The Seattle-based internet book seller Amazon just announced plans to open an enormous fulfillment center in the North Randall, Ohio. This is a big deal for the small community which has suffered greatly since the Randall Park Mall, once the largest in America, shut down due to retail sales moving online. Amazon is…
Narendra Modi, Prime Minister of India, has an economic firestorm on his hands following his decision to ban the 500 and 1,000 rupee notes. In his monthly address on Sunday, Modi took his ambitions further with a call for a cashless society.
We know that Ben Franklin didn't really want to make the turkey the national bird. But what other Turkey Fun Facts™ are out there for us to devour? Feast your eyes on this megamix of Meleagris gallopavo truths.
Sorry, Mississippi. The news isn't good.
Does having more money automatically make people happier? We know a little about how that works (and doesn't work) on an individual level, but what happens when we're talking not just about individuals, but about the happiness of entire countries?
A new CNBC All-America Economic Survey reveals that approximately half of Americans have reined in their spending on travel, food and health care to be able to afford new technology. How much do you scrimp and save for gadgets?
Ever since Edward Snowden revealed the true extent of the National Security Agency's surveillance methods, the public debate has focused mostly on issues of privacy and national security. But new evidence shows that the fallout from the NSA backlash is wider than we thought, and could cost U.S. companies billions.
What do students who receive a Bachelors degree in a STEM major end up doing with it? The answer, as this chart shows, is all over the place.
What was your major in college and what jobs can it really get you? This interactive chart answers that question for all the most popular college degrees.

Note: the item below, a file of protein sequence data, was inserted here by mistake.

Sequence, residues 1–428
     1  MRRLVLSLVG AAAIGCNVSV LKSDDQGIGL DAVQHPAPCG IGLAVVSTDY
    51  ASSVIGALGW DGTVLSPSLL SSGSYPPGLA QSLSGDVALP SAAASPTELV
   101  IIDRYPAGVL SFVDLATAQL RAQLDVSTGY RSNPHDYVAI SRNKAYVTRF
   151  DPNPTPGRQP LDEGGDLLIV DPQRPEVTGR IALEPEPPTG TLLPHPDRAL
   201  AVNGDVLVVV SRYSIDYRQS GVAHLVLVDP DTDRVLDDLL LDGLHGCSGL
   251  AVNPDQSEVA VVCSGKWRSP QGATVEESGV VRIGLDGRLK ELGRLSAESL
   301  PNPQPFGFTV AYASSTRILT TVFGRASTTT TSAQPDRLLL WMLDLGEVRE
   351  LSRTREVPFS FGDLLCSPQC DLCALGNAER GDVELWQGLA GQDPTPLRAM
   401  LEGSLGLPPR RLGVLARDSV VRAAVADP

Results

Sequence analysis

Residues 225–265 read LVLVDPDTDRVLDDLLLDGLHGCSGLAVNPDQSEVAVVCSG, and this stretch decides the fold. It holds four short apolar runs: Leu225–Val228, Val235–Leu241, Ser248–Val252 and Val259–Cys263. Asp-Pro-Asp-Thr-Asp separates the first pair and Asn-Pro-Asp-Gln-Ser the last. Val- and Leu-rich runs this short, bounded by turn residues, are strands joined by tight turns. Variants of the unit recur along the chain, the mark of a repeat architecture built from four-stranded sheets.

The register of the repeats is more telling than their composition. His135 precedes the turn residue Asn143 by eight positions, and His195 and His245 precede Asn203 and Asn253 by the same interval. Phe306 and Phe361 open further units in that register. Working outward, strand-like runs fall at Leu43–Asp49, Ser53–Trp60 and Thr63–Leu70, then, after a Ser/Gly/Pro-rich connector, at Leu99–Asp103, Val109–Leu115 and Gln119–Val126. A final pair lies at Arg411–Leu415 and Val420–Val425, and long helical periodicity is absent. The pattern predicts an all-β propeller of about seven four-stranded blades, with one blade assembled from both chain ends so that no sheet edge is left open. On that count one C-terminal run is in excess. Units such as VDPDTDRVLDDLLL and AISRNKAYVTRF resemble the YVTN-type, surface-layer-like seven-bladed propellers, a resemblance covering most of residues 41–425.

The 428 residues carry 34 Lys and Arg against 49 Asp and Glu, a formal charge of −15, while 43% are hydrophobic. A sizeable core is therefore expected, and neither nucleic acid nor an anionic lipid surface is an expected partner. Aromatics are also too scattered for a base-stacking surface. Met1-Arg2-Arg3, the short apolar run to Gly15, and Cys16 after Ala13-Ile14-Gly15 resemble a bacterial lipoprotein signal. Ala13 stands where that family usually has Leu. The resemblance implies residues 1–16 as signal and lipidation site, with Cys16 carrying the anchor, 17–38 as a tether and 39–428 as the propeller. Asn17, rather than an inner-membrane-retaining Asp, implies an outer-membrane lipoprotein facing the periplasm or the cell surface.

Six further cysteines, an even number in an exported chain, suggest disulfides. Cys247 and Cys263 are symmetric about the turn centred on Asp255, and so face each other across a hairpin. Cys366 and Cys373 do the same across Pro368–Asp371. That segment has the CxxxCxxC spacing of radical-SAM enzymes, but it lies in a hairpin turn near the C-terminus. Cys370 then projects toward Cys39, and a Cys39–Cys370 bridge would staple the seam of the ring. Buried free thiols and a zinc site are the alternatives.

Where is your salary worth the most and where is it worth the least? This interactive chart has the answer.
Get ready for the age of "cli-fi," or "clean climate finance." The bulk of the $10.5 trillion that the International Energy Agency estimates will be needed to pay for decarbonization over the next 15 years will come from private capital, reports the Brookings Institution.
This interactive map shows just how much the percentage of income made by the top 1 percent of earners around the world has changed over the last 100 years.
The global shipping industry has completely transformed our world: Today, 90 percent of everything in your life arrives via cargo ship. These two maps prove just how dramatically international trade has increased, by comparing the oceans of the 19th century with those of the late 20th.
In orange, half of America's GDP; in blue, the other half. While the population of the country is much more evenly dispersed, its contributions to the economy aren't.
Videogames are becoming a more popular feature of job interviews. Could they start to replace the face-to-face job interview — and should they?
Robots are stealing our jobs. Again. In fact, they've been stealing our jobs in one way or another since the dawn of the industrial revolution.
Manufacturers and consumers alike better brace themselves: memory chip prices have hit a two-year high because of a major fire in a massive Chinese production plant.
Economic news has felt bleak for years now. And every time things seem to pick up there's something like Detroit's bankruptcy looming as a reminder that times are still tough. But we know that there is some recovery going on and this infographic shows the sectors that have momentum.
America's jobless people told their tales in 40 episodes of Gawker.com's "Unemployment Stories," and from their experiences you can learn many valuable lessons that might lead to better fortunes. Going into more debt for more education, for example, rarely pays off.
Stock markets tumbled again today on continued worries about the U.S. government slowing down its steady purchases of U.S. bonds—the economic recovery hasn't been strong or sustained enough to survive without the Federal Reserve constantly creating money to buy its own bonds.